….especially also in light of the recent exposure of torture crimes against humanity

    • AsleepWhileWalking 14.2

      Thanks for posting Morrissey.

  12. batweka 15

    Lynn if are around, the search engine appears to be returning results only up until the 25th of November.

  13. Pete George 16

    This may be the last political poll of the year, from Roy Morgan:

    – National 46% (down 3.5% in a month)
    – Labour Party 27% (up 3%)
    – Greens 12% (down 2.5%)
    – NZ First 7% (up 0.5%)
    – Maori Party 2% (up 1%)
    – Act NZ 1.5% (up 1%)
    – United Future 0% (unchanged)

    Parties outside Parliament:

    – Conservative Party 2.5% (up 0.5%)
    – Internet-Mana Party alliance 1% (up 0.5%
    – Independent/ Others is 1% (down 0.5%).

    Small beginnings but in the right direction for Andrew Little and Labour.

  14. AsleepWhileWalking 17

    So this is what goes on at the G20.

  15. Clemgeopin 18

    The next step in war. US deploys first laser cannon for combat.

    Just imagine where such technology can take our future world!

    Good news or bad?


  16. Draco T Bastard 19

    Mars orbiter comparison

    Nope, don’t need a lot to run a successful space program.

    • TheContrarian 19.1

      Kinda easy to reduce the cost when you can pay a pittance to those providing the raw materials. But I am sure your chemtrail believing twitter friend has that already worked out

      • McFlock 19.1.1

        Not to mention the cost differentials between a payload mass of 16kg vs 65kg or 116kg, let alone the relative functionality of those payloads. Wikipedia is a wonderful thing.

      • Draco T Bastard 19.1.2

        I suspect that NASA’s private contractors get the materials from the same place and really just pay their CEOs and shareholders more.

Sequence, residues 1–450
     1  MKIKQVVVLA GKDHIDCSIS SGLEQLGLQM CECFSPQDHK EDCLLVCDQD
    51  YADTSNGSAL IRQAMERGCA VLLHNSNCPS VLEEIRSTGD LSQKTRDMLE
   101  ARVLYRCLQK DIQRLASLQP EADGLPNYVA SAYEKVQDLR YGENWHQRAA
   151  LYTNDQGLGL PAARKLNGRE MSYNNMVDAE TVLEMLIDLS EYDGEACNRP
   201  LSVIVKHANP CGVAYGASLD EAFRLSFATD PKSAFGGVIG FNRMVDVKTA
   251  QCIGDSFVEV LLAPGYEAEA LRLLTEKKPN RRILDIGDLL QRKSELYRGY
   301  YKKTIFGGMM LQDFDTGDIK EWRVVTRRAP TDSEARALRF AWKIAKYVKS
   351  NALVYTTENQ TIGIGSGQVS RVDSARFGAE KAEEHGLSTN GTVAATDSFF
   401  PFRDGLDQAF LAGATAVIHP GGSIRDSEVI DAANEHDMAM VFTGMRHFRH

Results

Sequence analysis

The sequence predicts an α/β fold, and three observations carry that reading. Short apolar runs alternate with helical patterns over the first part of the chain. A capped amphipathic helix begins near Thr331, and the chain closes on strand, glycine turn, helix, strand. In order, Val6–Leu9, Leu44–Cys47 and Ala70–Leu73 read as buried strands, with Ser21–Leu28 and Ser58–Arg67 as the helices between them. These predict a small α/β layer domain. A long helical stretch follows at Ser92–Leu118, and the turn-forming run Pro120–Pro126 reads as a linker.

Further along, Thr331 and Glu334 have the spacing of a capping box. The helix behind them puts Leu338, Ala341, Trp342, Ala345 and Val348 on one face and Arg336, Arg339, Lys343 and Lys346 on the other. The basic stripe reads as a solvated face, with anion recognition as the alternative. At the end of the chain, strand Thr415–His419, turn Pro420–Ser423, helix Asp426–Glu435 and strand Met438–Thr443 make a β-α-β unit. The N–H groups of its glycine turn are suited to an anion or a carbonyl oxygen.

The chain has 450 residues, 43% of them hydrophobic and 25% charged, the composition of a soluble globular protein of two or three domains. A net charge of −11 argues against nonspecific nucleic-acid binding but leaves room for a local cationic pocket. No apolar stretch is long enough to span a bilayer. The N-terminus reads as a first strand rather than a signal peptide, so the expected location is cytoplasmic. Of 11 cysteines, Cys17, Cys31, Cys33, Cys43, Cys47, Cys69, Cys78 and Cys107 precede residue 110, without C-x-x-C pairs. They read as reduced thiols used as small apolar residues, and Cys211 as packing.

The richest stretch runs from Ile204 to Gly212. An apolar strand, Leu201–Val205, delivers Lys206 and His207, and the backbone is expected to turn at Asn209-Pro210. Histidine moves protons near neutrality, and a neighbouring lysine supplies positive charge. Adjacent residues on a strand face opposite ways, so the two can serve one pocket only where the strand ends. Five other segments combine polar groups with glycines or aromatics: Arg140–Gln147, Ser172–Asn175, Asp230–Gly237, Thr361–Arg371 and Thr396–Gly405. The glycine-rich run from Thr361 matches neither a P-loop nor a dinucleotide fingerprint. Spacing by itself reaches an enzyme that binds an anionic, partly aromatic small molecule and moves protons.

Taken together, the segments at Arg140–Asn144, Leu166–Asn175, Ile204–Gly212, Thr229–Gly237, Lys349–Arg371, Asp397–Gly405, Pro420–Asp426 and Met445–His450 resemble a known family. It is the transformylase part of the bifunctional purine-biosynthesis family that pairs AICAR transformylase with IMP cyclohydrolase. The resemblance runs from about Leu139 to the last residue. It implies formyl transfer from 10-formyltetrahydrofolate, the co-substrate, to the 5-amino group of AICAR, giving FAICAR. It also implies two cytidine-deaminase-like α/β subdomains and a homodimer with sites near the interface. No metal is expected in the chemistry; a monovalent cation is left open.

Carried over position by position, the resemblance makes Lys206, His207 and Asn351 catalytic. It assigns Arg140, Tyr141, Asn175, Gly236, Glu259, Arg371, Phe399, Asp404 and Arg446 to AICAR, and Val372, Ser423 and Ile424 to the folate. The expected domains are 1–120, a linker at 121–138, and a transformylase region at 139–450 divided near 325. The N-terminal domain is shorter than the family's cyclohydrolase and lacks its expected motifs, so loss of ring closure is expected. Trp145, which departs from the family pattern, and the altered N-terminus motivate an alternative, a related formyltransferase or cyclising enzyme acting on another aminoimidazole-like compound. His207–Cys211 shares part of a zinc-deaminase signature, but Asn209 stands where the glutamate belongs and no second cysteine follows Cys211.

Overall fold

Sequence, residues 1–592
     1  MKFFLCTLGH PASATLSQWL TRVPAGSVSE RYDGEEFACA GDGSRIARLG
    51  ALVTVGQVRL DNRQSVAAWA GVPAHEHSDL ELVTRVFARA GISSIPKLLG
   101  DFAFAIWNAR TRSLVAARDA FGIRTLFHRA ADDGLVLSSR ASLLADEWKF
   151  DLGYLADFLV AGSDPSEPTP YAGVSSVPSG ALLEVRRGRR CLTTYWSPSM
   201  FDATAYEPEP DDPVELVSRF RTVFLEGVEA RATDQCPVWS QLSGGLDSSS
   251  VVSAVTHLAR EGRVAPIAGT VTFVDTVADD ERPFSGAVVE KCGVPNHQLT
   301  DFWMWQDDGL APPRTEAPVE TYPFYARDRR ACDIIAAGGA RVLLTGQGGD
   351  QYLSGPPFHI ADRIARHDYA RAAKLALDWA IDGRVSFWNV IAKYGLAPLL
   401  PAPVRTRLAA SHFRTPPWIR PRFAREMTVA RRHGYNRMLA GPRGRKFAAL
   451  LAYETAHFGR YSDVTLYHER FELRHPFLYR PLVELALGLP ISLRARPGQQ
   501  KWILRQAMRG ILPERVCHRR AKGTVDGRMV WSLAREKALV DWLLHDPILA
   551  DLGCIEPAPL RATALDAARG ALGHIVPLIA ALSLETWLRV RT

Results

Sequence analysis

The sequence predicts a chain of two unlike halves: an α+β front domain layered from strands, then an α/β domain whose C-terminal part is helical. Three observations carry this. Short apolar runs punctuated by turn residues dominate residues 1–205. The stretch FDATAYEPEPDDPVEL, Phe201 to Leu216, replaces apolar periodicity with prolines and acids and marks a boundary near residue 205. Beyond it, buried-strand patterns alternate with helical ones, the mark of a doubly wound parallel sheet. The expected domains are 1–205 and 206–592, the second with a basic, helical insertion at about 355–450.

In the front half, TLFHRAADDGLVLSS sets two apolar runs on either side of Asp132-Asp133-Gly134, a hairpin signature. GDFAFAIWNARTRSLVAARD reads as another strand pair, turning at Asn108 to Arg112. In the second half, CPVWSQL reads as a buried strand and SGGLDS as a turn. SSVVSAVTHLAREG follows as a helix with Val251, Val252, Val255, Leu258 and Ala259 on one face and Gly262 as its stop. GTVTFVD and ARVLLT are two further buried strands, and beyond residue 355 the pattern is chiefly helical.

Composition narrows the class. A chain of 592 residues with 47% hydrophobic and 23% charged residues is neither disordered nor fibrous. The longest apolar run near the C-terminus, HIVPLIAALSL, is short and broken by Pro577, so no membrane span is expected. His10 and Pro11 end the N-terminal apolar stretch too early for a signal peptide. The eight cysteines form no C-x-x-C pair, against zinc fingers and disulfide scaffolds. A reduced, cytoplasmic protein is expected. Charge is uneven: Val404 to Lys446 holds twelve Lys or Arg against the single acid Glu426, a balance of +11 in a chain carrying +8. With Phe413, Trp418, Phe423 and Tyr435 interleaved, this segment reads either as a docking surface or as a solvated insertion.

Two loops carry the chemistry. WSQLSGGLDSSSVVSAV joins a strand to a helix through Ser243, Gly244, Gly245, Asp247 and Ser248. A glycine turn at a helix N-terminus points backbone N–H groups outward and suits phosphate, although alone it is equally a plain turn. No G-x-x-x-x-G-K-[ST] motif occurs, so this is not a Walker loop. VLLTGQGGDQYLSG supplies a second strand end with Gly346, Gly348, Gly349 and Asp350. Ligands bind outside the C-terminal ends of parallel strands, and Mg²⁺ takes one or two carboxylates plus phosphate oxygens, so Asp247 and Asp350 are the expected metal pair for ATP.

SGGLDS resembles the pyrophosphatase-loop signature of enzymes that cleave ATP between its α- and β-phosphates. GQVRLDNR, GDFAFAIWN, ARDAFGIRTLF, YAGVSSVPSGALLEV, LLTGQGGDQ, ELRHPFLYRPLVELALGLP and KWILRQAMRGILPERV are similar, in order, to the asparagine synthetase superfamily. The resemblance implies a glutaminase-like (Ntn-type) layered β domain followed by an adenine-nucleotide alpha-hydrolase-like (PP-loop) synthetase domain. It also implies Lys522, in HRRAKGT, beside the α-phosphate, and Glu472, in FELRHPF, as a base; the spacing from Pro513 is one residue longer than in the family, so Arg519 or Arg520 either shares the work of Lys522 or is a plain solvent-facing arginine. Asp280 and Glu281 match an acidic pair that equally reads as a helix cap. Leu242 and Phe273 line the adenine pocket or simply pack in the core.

But that wasn’t the point, the point is that NZ could easily afford a space program even in today’s financial system.

        • TheContrarian

          That’s good news. We could get the price of a Mars probe right down by paying the CEO’s less while paying the poor fucks mining it for a pittance the same.

        • McFlock

          That was a single-mission cost.

          The Indian Space Research Organisation has a USBillion dollar annual budget and has existed for 45 years.

          Sure, if we threw enough money at the project we could do it. But food in schools first, eh?

          • TheContrarian

            Don’t be stupid McFlock, all we have to do is mine our own resources without using fossil fuels or trading which will provide a million jobs so people will earn money from the state which just prints money in order to facilitate an electronic voting system akin to Loomio so people can vote on each an every issue presented to parliament which will be easy because despite needing to create a space program we’ll only need to work 10 hours a week because automation.

            Fucking simple.

  17. Paul 20

    In the UK Guardian today.

    ‘How New Zealand’s rich-poor divide killed its egalitarian paradise’